You've heard the phrase "a picture tells a thousand words". Did you know that images in your website can improve your SEO?
By loading your images with the right words in the alt-text, titles, file names, while considering a range of other factors, your images won't just say a thousand words, they will help grow you website traffic and increase your chances of having great rankings on Google.
Read on to find out how images can be a great addition to your SEO and construction marketing campaigns.
Boosting Search Results And Traffic
Research conducted by Moz found that 33.3% of Google searches are for images.
If you fully utilise your webpage’s images for SEO then your chances of being found will increase amongst image and text-based searches.
Google can’t read an image in the same way that you can. As far as the search engines are concerned, the images on your site are just binary files.
You need to optimise your file names, titles and alt-text to tell Google what it is for SEO.
Set your file name as the keyword that you want to be ranking for. It should be short without losing any accuracy how it identifies the image.
Keep your file names short and keyword rich so Google picks them out to rank your website for.
If you’re technically minded and are well versed in HTML, Search Engine Journal recommends that you manually update HTML as you organise your file names for SEO to ensure that they are that consistent across your pages.
Search engines rely on crawlers to pick out the parts of the data within an image that tell them what the files on a page mean. This includes titles.
Title tags are what your visitors see if they hover over your images. Google reads these titles, understands what the image is and applies that to how it ranks the site on a search results page.
When Google reads your titles and headers, it picks out your keywords which then impact on your SEO.
You will see an improvement as Google registers that these words are the ones that people search for in relation to your company’s website.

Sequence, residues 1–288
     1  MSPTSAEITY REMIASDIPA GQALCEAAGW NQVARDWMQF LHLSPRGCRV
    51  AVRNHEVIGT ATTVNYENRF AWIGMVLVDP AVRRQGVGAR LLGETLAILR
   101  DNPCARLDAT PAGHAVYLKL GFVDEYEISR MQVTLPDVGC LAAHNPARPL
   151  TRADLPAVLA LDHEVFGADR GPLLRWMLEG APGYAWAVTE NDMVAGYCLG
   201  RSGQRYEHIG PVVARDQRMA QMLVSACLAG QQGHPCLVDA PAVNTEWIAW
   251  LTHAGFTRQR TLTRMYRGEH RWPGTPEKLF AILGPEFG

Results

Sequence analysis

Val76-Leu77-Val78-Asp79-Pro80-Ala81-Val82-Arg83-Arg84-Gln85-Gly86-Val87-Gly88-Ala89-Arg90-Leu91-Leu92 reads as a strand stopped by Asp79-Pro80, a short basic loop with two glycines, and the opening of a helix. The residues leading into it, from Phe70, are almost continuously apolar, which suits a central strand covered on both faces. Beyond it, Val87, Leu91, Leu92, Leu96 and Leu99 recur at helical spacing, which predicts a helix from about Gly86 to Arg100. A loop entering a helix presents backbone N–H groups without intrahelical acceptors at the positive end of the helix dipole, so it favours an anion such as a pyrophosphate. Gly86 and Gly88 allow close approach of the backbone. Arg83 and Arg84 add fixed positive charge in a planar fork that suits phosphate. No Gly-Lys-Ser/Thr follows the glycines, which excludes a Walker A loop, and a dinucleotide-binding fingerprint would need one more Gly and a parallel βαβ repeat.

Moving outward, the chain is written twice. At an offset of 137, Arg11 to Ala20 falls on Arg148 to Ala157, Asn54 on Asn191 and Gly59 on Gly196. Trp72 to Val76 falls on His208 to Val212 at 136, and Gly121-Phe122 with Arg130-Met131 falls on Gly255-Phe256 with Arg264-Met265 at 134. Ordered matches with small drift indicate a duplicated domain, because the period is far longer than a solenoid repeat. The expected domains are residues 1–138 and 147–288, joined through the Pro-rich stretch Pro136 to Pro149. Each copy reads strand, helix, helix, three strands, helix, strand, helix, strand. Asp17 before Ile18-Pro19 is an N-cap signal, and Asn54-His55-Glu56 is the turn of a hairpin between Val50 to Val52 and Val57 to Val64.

Alt-text is the description of an image that Google reads, to understand what it is.
Alt-text should be keyword rich, with your main keywords at the start of the tag. This tells Google what the image is and will help your pages to rank higher.
Google will pick up on the keywords in your alt-tags, as well in your copy and, as people search, your rankings will improve.
When people start to search for you products, you want to be in the top five sear results. You can only achieve this by optimising your images with the right keywords.
Improve Bounce Rates
Images have a massive impact on how your page is ranked by Google and how it performs overall. The state of your images can have implications on your bounce rate, which is the score allocated to your website when people leave your website having only looked at one page.
According to HubSpot, including images improves your bounce rate by 42%. With the right SEO, this has the potential to go even further.
When putting images onto a page, don’t randomly size them to make the pages look fuller or in the hope that your SEO will improve as a result.
Images can contextualise your copy. Making them relevant to your page’s intended message will positively impact your viewer’s experience.
For example: if your blog post is a case study for construction work that your company has done for a school but your images are of residential buildings; the clarity of your writing is lost and they won’t bother digging deeper into the site, creating a bounce.
Consistently size images across your entire sight. This professionalises your brand image and won’t risk your visitors being distracted from the important stuff; your content. A distracted viewer will leave within one page; bouncing.
Google is getting smarter with how it ranks your page. It is now understanding that if a visitor only reads one page of your website, having looked at it for five to ten minutes, and then goes away to enter an unrelated search, your content is of a high quality because it has clearly answered their question.